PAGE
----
films to make this effective and thoughtful thriller. Leaving the
plotting to one side, it is remarkable as, at that time, the Government
was laying the basis for the U.K.'s independent atomic deterrent and
the effects of Atomic and Nuclear testing were never discussed. (ask
the poor soldiers who watched the tests in Australia!) The issue is
never resolved, and in the end the Professor can't make his case
Part of the film shows the evacuation of London. It harks back to the great evacuations of 1939/4 and invokes the same spirit. Oddly enough, Wartime studios had not portrayed the Home Front (other than nods to Fire Services or War-Work)and perhaps this is a belated look back. It does show one incident that would never have passed the wartime censor's pencil- the shooting of looters.
Other cultural notes: How easy it was for the studios to clear London even then the most traffic congested city in England, and to get the army to lend hundreds of personnel (and demonstrate their efficiency). And the great attraction of the old 1950's films: glimpses of bomb sites, long lost street scenes and forgotten buildings.
Watch it and remember its been 55 years since this film was made and 7/7. I don't think the genre was attempted again. Instead Studios turned to Sci-Fi ( a thin disguise for the external Russian menace).
Seven Days To Noon is another masterpiece from the Boulting Brothers
and, as you would expect is superbly written and directed.
The much-under-rated Barry Jones is simply wonderful as the kindly professor with a moral dilemma. The cast succeeds in maintaining the tension nicely and Andre Morell is particularly convincing as the Superintendent, however I feel the most impressive part is the documentary-style photography, which allows the viewer a most interesting and revealing snapshot of post-war London.
Anyone who enjoys the classic English dramas of the 40s and 50s will love this.
Not to be missed.
Please somebody bring it out on DVD soon!
*** This review may contain spoilers ***
Despite a long and active career, which included amongst other things supplying the off-screen 'voice' of Lord Haw Haw in Twelve O'Clock High and creating the role of Socrates in the Broadway production of Maxwell Anderson's Barefoot In Athens, Barry Jones was relatively unknown to cinema-goers in 1950 which made him an ideal choice for Professor Willingdon who, well-shod in London, intends to detonate a nuclear device in its centre unless the Prime Minister agrees to issue a statement prepared by Willingdon. This is one of those British films that DO stand up half a century later which is not, of course, the same as saying they are without flaws - for one thing we never see Willingdon until he has stolen the nuclear device, left home, wife and daughter and made his way to London. What we feel the loss of is a sense of seeing him being slowly driven from brilliant scientist and nondescript family man to someone prepared to unleash devastation on a great capital city. Joan Hickson and Olive Sloan are both solid in support as is Andre Morrell, charged with the task of finding Willingdon but others characters, Willingdon's daughter, his colleague and son-in-law-in-waiting are cheapest cardboard cutouts. Overall the pace is the thing that keeps it interesting, that and the period 'feel' of a lost London. Definitely worth a look.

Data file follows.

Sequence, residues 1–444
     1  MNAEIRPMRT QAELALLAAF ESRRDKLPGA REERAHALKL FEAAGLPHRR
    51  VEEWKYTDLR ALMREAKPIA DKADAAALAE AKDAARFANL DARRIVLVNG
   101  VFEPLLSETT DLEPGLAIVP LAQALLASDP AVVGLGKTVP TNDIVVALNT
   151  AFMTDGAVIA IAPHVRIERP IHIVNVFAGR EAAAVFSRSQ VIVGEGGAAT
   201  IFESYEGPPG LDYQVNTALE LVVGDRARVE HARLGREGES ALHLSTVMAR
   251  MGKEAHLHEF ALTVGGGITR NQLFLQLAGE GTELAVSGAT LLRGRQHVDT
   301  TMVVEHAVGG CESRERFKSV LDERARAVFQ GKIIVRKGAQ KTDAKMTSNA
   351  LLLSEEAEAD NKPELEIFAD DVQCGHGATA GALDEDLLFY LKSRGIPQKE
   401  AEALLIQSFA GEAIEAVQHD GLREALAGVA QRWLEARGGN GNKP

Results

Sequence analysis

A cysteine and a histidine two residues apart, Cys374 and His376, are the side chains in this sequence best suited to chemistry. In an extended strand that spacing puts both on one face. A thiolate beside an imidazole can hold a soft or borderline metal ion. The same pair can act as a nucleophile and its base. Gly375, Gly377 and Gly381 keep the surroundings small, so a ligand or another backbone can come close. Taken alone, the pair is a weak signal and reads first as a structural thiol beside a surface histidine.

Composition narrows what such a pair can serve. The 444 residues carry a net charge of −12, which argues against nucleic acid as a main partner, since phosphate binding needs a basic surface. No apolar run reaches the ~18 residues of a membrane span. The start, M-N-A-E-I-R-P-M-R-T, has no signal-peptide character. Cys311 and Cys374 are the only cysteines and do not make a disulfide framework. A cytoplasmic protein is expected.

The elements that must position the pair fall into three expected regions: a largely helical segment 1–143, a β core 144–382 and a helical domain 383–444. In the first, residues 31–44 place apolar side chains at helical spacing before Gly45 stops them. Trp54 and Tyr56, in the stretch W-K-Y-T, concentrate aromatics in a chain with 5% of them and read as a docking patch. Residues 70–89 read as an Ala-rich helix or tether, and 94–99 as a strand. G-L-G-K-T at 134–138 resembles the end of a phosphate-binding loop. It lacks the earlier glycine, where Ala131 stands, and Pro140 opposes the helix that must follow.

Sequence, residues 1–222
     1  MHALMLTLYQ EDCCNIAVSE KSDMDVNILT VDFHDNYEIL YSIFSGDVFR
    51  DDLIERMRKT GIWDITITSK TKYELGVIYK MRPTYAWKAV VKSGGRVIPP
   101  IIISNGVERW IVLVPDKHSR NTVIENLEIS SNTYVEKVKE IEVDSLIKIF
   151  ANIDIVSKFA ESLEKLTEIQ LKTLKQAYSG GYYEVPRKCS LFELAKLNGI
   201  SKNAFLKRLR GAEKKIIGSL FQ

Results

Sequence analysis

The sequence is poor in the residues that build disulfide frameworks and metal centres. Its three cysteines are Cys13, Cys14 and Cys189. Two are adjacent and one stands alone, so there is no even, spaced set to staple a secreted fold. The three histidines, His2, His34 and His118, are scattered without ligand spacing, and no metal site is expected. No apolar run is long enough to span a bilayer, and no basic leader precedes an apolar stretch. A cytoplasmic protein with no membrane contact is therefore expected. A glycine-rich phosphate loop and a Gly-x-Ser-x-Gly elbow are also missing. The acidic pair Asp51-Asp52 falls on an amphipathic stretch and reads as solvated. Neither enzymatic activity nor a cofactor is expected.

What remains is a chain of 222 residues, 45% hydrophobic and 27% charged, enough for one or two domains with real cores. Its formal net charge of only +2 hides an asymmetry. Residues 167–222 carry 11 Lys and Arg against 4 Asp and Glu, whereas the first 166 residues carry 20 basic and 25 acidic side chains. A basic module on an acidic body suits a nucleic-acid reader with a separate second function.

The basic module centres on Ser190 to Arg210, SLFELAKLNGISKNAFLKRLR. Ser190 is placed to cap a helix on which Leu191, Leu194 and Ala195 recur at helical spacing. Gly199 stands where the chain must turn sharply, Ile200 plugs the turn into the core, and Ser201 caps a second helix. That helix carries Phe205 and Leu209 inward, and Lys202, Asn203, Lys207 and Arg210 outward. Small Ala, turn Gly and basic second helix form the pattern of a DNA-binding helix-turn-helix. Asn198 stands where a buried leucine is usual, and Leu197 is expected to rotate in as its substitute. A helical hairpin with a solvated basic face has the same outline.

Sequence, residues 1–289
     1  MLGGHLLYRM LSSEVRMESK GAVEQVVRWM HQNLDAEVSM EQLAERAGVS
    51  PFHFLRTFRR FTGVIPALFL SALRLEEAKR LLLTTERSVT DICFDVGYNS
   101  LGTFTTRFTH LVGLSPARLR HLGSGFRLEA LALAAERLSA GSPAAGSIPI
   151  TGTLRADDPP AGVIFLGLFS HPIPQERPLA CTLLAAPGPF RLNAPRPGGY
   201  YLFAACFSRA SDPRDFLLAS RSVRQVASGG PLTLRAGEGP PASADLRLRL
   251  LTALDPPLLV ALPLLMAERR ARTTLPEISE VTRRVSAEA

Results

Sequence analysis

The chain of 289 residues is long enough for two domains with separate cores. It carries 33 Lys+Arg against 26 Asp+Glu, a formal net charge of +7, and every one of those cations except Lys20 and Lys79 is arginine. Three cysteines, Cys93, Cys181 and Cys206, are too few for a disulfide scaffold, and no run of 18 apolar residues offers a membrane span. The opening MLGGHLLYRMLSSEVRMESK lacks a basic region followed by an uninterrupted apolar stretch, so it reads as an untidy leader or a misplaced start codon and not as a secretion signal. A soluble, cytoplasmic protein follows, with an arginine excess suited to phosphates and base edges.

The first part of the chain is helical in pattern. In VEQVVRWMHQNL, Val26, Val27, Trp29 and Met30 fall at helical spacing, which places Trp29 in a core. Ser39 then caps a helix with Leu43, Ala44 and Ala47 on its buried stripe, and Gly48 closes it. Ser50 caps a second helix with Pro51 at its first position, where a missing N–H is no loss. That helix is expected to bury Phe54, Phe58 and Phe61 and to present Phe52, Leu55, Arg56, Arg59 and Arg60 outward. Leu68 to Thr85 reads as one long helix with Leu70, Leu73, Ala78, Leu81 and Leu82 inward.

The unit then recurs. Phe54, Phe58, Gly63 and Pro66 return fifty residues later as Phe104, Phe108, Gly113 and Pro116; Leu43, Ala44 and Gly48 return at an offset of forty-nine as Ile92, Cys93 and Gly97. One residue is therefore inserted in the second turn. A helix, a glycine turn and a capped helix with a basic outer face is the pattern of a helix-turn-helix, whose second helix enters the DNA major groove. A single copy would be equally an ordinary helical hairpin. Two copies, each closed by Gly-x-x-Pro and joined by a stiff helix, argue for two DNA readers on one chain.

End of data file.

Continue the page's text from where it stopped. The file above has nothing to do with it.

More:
Seven Days To Noon is ironically one of those films that has grown into
the times rather than be dated. It's certainly a relevant film given
the threat of nuclear terror today.
But back in 1950 I don't believe the technical expertise was there so that Barry Jones or anyone else could have put a device like that in a briefcase. Take a look at pictures of Fat Man and Little Boy the code names for the weapons dropped on Hiroshima and Nagasaki. Those things could not have fit in a briefcase and developments hadn't advanced that far in five years. Now sad to say it actually could be done.
Barry Jones is an atomic scientist who is suffering from fatigue and overwork and a questioning mind about what exactly he's developing. His mind snaps and he takes one of the weapons Great Britain has been developing and sends a letter to the Prime Minister. Issue a statement you'll stop the program or he's going to explode his package on Sunday at high noon.
That sets up a manhunt for Jones throughout the United Kingdom, but especially of course in London. His note does specify the seat of the government. Andre Morrell as a Scotland Yard Inspector, Hugh Cross as one of his fellow scientists who will have to disarm the device once located, and Sheila Manahan as his daughter lead the search for Jones and the package of destruction he has.
Despite the fact that it was a technological impossibility in 1950, Seven Days To Noon is still an effective thriller of a film, worthy of a Hitchcock. It's interesting that they came close to getting Jones a few times before they do catch up. Best in the film is Olive Sloane the frowzy former music hall entertainer who Jones holds as a hostage for a while. She wants to do her bit as well as she's trying to get to Aldershot to entertain the troops.
Seven Days To Noon got an Oscar for Best Screen Story. It remains one of the few films that actually grew technologically and became more relevant now than when it first came out.
I have seen it several times & find something new each
A definite classic & the acting superb-details good too
Loved the fading actress & her little King Charles Spaniel
Victor Madden in one of his early films & dear Joan Hickson just added to the film content
Simply loved it